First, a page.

The stereotyping of senior citizens is usually called ageism, and it is stereotyping of individuals or groups because of their age.
As is the case with other stereotypes, this group too has certain beliefs, attitudes attached to it. Unfortunately, most senior citizens need to deal with the "old dogs, new tricks" labeling. It is assumed that senior citizens do not know as much about say, computers or other electronic gadgets as the youngsters do. They are stereotyped as the people who are not adaptable, do not know much about computers and are slow.However, the truth may be that most senior citizens have used a computer as part of their work ever since 1990s. They have lived and worked through some of the most incredible and diverse technological changes and the longevity in their present jobs suggest that they have adapted quite well.
Age based stereotypes come into fore in our day to day lives. For example, if there are two people, one younger and the other older, both suffering from back pain. Now, age based stereotypes make us think that the younger person’s condition can be treated fast and the older person’s condition is chronic and may not be treated as fast. It may be true in some cases, but it cannot be generalized because there are many senior citizens who recover faster.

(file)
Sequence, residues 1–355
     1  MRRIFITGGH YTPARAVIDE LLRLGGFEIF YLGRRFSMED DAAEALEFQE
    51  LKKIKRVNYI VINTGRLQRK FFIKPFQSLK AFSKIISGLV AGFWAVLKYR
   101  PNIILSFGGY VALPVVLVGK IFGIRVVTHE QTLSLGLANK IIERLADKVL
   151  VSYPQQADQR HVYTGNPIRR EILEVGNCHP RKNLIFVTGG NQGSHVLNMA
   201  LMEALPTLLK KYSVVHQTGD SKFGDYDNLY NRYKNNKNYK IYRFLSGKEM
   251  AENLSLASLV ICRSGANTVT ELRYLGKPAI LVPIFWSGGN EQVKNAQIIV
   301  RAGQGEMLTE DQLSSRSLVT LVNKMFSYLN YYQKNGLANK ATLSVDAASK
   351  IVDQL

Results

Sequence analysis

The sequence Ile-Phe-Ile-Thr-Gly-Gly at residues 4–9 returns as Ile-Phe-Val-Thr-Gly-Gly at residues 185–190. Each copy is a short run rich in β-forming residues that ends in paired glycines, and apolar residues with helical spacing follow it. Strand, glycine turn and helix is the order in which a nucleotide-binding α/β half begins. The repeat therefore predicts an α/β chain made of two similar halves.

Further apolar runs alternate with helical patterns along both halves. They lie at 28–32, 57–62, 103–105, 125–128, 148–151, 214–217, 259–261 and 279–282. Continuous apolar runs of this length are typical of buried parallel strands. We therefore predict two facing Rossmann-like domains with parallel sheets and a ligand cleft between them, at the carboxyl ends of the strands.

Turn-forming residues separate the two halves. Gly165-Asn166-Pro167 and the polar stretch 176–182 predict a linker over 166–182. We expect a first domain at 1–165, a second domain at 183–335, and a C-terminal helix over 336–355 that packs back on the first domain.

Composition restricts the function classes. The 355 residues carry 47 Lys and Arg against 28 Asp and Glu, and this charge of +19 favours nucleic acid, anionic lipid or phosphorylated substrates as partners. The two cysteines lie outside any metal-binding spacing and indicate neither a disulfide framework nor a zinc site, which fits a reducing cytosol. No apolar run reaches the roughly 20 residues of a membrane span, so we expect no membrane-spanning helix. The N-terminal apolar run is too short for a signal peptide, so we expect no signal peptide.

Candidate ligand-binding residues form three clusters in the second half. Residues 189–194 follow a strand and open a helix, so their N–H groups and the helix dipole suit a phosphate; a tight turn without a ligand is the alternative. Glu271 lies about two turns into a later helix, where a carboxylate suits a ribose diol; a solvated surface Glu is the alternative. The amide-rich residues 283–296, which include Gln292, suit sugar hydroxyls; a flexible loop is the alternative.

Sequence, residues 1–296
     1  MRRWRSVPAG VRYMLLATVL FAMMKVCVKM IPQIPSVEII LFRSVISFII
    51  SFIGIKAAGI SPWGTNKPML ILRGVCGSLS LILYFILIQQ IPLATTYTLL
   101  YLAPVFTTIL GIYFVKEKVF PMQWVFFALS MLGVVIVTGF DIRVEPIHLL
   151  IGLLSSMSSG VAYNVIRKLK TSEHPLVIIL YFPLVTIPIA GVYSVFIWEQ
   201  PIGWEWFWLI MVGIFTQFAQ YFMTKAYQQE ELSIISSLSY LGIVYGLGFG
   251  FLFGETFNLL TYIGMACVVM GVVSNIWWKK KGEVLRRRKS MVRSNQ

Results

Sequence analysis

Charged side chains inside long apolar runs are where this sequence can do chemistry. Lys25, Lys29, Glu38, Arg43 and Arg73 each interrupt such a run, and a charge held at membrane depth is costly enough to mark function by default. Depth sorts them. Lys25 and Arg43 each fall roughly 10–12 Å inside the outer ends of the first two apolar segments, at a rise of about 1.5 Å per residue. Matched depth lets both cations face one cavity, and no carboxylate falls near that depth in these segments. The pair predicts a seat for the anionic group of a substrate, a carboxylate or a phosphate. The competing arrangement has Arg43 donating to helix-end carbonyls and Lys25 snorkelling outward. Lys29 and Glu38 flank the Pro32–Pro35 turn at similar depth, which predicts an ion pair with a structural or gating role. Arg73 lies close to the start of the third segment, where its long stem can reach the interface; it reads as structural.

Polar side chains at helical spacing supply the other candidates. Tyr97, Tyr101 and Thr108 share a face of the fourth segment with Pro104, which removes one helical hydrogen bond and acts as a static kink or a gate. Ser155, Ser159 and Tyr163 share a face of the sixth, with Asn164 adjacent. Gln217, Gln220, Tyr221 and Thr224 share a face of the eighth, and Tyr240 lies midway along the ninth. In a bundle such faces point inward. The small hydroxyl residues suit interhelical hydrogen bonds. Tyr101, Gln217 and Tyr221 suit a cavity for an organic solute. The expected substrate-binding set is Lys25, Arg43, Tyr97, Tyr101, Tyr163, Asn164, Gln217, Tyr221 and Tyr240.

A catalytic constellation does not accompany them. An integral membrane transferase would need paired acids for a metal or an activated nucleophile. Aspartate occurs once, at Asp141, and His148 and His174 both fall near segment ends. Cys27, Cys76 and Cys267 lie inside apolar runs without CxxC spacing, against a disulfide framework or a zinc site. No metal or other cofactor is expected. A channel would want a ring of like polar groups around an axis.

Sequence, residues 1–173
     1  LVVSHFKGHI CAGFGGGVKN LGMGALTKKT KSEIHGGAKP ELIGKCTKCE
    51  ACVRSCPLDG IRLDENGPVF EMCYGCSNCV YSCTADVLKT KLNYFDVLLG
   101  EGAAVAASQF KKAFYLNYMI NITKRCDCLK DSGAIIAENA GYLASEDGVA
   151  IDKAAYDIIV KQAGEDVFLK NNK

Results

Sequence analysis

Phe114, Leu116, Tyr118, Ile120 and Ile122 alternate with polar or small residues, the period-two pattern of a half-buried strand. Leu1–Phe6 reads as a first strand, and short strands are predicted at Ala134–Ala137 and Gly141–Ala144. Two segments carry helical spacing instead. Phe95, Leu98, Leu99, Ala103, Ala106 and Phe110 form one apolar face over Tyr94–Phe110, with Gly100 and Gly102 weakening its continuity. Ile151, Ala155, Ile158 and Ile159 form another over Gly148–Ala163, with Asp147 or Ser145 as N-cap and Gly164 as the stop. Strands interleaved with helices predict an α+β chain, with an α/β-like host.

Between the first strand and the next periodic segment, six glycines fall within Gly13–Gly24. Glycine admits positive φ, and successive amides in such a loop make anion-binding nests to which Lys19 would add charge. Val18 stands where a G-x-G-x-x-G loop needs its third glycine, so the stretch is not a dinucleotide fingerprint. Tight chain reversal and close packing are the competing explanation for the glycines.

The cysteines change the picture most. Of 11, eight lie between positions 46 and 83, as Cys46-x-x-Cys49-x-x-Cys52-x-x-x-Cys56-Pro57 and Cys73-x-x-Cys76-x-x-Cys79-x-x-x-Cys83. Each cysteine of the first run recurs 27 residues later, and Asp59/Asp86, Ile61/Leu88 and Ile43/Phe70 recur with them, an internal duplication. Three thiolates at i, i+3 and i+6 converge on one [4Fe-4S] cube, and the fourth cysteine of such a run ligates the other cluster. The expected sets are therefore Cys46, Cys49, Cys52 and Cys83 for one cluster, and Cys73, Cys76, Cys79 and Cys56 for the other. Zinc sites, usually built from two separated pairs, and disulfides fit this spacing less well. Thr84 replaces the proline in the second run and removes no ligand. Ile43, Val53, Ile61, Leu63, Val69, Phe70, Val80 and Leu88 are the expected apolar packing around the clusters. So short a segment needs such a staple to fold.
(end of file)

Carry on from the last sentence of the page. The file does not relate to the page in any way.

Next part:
This stereotyping of older people can affect their self-confidence and subsequently their behaviors and they may start to feel like dependent, non-contributing members of society. Research has shown that when senior citizens repeatedly hear stereotypes about their supposed incompetence and ineptness, they tend to perform worse on measures of competence and memory.
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